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Find the top rated snowmobiling trails in Lima, whether you're looking for an easy short snowmobiling trail or a long snowmobiling trail, you'll find what you're looking for. Click on a snowmobiling trail below to find trail descriptions, trail maps, photos, and reviews.
As a Saint Mary’s resident living a few blocks from a trailhead (High Street) I love being able to just take,off on my bike, no transporting said bike to the park required. Parts of the trail are smooth sailing, parts are very rough... but it’s flat and beautiful. If you have any trail riding/mountain biking experience, this will be an easy ride for you headed North from St Mary’s. South is harder, longer prairie grass can slow you down or make you walk your bike. Always hoping for more trail improvements to make riding even better.
This trail is very nice. There are several starting points depending on how many hills you want to climb. The newest section of the trail which begins on North St and goes east of town is in excellent condition with interesting terrain. However if you want to ride this section the turn off is not well marked. Beginning on the north side of North St (near Lima Senior HS) you will need to ride on a shared sidewalk traveling east. This turns into the path about 1/3 mile just past the water plant. You can also choose to start from the east. Lots of fun.
I rode this trail at the end of August 2018. The trail itself is very flat and straight. This 5.5 mile paved pathway runs east-west through the city. It is marked with mileage posts every tenth of a mile in both the east and west direction with the starting point being the west bank of the Great Miami River. What I found surprising is other than the half mile through the Piqua Central Business District, you don't really feel that you are biking along through a city. Most of the pathway is tree and shrub lined. The section through the business district is well-marked, and highly visible with good street crossings so this stretch is not hard to ride. I would categorize this trail as a community recreational trail, but when combined with the Great Miami River Trail, and the Hydraulic Canal Run Pathway a large loop is formed that travels through and around the city.
If you look for this trail on Google Earth or Google Maps you may find it labeled as the Ohio to Indiana Trail. That is also the name given to the Tecumseh Trail Multi-use Path that runs from Gettysburg, OH to Bradford, OH and the Greenville Creek Trail in Greenville, OH west of Piqua. Obviously, these trails have been created out of the same rail line. Hopefully, there are plans to connect them over time to make one much larger trail. This route was part of the route President Abe Lincoln's Funeral train took from Columbus, Ohio to Urbana, Ohio to Richmond, Indiana and then eventually on to his final resting place in Springfield, Illinois. It would be really cool if this entire route in Ohio could be converted into a trail commemorating this tragic historic event.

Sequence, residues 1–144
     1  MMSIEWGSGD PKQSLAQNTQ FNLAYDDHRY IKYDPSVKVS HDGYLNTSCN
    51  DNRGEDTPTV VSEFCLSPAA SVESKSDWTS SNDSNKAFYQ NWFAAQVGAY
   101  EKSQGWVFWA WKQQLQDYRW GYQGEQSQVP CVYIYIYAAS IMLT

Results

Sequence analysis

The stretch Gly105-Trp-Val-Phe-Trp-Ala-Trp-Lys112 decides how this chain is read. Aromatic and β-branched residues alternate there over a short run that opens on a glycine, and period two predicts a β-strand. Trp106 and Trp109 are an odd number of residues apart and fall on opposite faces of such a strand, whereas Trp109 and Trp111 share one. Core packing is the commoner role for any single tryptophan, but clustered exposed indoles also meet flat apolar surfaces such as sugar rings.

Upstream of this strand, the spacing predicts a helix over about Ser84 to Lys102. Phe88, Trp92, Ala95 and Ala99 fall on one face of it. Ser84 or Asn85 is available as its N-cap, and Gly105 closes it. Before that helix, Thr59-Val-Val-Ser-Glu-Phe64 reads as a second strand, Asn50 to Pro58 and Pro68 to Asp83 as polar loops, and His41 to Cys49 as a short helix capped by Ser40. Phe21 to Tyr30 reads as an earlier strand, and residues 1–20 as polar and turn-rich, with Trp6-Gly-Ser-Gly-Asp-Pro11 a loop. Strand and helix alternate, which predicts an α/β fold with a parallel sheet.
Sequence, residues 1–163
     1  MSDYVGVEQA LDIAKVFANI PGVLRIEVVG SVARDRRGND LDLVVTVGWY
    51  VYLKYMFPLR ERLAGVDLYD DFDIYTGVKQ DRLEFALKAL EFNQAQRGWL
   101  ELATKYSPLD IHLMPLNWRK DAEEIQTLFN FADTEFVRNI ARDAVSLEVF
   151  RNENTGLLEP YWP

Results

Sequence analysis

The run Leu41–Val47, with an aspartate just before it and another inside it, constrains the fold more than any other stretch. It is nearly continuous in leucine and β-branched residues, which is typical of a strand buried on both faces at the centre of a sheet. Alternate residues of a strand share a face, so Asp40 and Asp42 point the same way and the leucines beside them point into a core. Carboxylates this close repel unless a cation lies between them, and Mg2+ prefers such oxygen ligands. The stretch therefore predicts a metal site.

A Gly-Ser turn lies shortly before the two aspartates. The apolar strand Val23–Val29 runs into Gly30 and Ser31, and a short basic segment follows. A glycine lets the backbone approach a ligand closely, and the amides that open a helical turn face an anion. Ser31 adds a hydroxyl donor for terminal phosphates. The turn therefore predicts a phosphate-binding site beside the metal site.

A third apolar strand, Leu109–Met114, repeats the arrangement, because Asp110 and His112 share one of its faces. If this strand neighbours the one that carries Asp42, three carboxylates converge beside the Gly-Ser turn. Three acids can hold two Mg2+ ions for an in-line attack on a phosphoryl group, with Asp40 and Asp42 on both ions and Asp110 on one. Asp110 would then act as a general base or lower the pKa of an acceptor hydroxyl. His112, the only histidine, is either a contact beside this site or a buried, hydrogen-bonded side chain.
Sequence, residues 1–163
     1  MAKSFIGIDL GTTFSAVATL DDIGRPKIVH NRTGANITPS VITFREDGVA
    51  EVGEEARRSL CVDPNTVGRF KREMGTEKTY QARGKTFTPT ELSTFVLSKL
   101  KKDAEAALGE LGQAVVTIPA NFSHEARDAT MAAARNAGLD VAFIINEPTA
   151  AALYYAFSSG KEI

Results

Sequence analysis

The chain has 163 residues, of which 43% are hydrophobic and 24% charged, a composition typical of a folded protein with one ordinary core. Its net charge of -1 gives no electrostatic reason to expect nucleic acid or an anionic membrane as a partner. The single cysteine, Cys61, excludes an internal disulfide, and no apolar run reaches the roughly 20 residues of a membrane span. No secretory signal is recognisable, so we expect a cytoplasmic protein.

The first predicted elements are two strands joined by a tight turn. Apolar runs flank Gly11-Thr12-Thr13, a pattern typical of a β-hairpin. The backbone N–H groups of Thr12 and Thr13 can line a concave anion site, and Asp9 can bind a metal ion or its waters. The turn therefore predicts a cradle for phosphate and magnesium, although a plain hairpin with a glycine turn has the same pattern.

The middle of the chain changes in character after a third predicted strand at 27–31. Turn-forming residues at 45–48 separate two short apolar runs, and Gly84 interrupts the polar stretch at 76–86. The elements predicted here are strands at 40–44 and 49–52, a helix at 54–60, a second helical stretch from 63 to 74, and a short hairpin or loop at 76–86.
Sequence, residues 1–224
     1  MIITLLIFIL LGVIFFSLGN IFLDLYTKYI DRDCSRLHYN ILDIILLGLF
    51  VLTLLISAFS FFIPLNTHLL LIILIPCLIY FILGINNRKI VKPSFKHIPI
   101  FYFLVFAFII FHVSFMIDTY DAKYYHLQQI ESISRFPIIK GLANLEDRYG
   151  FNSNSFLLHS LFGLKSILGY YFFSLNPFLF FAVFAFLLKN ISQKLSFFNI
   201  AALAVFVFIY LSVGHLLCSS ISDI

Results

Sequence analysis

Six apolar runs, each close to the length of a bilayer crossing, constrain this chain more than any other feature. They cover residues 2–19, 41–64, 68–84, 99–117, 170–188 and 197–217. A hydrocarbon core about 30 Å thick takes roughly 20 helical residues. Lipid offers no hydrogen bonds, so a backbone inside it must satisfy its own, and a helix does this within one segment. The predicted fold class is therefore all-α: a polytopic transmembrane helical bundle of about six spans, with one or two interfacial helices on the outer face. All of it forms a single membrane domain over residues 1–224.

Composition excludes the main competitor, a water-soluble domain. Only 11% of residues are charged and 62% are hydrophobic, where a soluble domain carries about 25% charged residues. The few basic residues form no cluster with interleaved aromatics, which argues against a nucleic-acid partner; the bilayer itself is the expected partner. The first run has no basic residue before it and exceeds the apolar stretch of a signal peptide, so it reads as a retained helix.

Very nice ride through verdant NW Oh farmland. Immaculately maintained; not so much as a cigarette butt in view. Much of the trail is shaded, making for a comfortable ride even on a hot day. Only disappointment was a sadly underperforming water fountain in NBaltimore.
The this old railroad route through Ohio's Darke County is significant as this was the route that President Abraham Lincoln's Funeral Train took as passed through from Columbus, Ohio to Richmond, Indiana on its way to Lincoln's final resting spot in Springfield, Illinois. For this reason alone efforts should be made by Darke County and the State of Ohio to buy up the parts of the route that not part of the Darke County Park System and convert the rail bed into a proper trail. The current trail sections that are developed are pleasant but don't yet lead to any areas that are developed, such as the towns of Bradford, Gettysburg, and Greenville. the current on-road sections of this route are on lightly traveled paved farm country roads. They are very flat, but do not have any shoulders at all. The current mapped route shown here at TrailLink suggests riding the trail west of Gettysburg by riding east along US 36 to Gettysburg-Pitsburg Road and then left onto Hahn Road. US 36 is a very busy and fast roadway with lots of traffic. Although the shoulders along this roadway are wide you can avoid riding along it altogether if you follow the bike route along W. Main Street in Gettysburg and cross US 36 onto Mill Road and then on to Hahn. On the eastern end the current TrailLink map shows the trail route ending south of Bradford when you reach South Miami Street (Rte 721). I suggest going into Bradford to take a look at its Y-Yard Park, particularly if you are a railroad buff. I suggest using Harrison Avenue to take a less busy road into town and then left on School Street to reach the park. Google Earth and Google Maps currently label this trail the Ohio to Erie Trail which is what they also call the Piqua City Linear Park as well. Obviously there is a railroad connection between these two trails and work should be done to connect them.